Effective quality management processes depend on the ability of organizations to design and monitor quality processes at different points of service delivery or manufacturing (Rocha-Luna, Garza-Reyes, & Kumar, 2013). However, it is difficult to achieve the best results in quality management without acknowledging the importance of the audit and scoring process. This paper highlights the need to have effective audit and scoring processes as key aspects of quality management. To do so, we highlight the main benefits organizations would enjoy from having such tools. They appear below
Help to uncover Areas that need Attention
Dew (1994) says auditing and scoring programs are a form of inspection. However, other researchers, such as Rocha-Luna et al., (2013), simply define them as unique forms of testing organizational processes. However, unlike many cases where such processes strive to improve product quality, in service delivery, audit and scoring processes provide a means of inspecting the management system.
More importantly, they help managers to understand quality issues to uncover areas that need attention and correct them before they become a problem (Rocha-Luna et al., 2013). Using this framework of analysis, audit and scoring processes are important in helping organizations to look at the management system with “fresh eyes” and possibly uncover areas of inefficiency, or weaknesses, which may need attention from the quality management team (Dew, 1994).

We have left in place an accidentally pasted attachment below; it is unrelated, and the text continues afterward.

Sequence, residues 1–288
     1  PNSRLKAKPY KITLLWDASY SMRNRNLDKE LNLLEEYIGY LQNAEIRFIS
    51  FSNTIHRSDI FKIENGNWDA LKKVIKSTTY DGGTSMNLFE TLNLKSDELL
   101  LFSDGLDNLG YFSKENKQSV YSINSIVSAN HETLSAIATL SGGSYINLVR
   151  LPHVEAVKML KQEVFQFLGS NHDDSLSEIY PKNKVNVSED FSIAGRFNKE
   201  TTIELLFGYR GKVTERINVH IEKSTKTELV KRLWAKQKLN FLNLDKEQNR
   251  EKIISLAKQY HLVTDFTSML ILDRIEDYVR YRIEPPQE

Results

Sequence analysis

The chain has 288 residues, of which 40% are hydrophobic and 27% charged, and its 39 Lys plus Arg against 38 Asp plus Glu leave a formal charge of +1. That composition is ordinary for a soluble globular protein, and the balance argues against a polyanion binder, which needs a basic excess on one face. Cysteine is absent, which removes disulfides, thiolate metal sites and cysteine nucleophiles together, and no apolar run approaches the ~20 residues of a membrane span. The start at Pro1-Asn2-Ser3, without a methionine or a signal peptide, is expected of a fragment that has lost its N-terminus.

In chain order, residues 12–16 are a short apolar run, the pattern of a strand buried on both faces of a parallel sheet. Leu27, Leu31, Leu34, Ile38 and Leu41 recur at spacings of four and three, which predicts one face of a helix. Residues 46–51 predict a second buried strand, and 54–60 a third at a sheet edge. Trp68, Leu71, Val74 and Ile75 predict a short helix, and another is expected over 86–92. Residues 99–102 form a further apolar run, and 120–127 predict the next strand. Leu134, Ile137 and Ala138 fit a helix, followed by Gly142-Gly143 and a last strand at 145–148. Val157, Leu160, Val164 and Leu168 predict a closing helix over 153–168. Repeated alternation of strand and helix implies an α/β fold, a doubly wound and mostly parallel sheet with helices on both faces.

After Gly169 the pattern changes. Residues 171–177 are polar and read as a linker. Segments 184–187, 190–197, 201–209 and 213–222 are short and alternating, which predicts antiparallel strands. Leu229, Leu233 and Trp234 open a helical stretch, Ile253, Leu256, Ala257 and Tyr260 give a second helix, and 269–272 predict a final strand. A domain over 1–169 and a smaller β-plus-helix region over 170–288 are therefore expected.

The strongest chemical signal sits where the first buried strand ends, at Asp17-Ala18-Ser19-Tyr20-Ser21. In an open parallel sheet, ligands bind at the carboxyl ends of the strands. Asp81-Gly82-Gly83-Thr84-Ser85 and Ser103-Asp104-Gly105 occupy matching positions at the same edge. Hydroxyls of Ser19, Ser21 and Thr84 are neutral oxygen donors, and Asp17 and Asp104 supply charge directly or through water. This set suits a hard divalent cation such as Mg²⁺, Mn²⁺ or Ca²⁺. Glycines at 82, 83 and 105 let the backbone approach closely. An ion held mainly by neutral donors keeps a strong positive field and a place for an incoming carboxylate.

Identify Risk of Compromise
Auditing and scoring processes help organizations to identify areas of possible compromise where quality standards may falter (Sigma-Aldrich, 2016). Based on this assertion, Dew (1994) says, without proper audit or scoring systems, organizations would not effectively know which areas of operations could compromise their quality standards, or how to allocate their resources to improve their overall quality standards. Knowing such information would be important in developing a comprehensive quality report for an organization.
The ISO Navigator (2013) presents a protracted explanation of this issue by saying that auditing and scoring processes are important in marketing business because they are tools for communicating to customers that an organization is committed to providing quality products and services. Therefore, such audit systems help to improve customer confidence in a company’s operations.
Indeed, in today’s competitive global business environment, reputable companies cannot afford to miss having strict and effective quality standards, supported by equally strict audit systems and scoring processes, because their business reputations and sales growth numbers are contingent on having these quality management tools (Spitzer & Ellsbury, 2010). Based on this analysis, auditing and scoring processes help reduce the risk of compromising quality standards in an organization.
Often, many organizations have unique quality standards to guide their operations. Managers prefer to peg these standards on performance and strict compliance (Rocha-Luna et al., 2013). Auditing is a unique safety measure of ensuring an organization meets these standards by making sure that all stakeholders observe them. This is a crucial tenet of increasing an organization’s compliance record, possibly, to meet specific quality certification standards (ISO Navigator, 2013).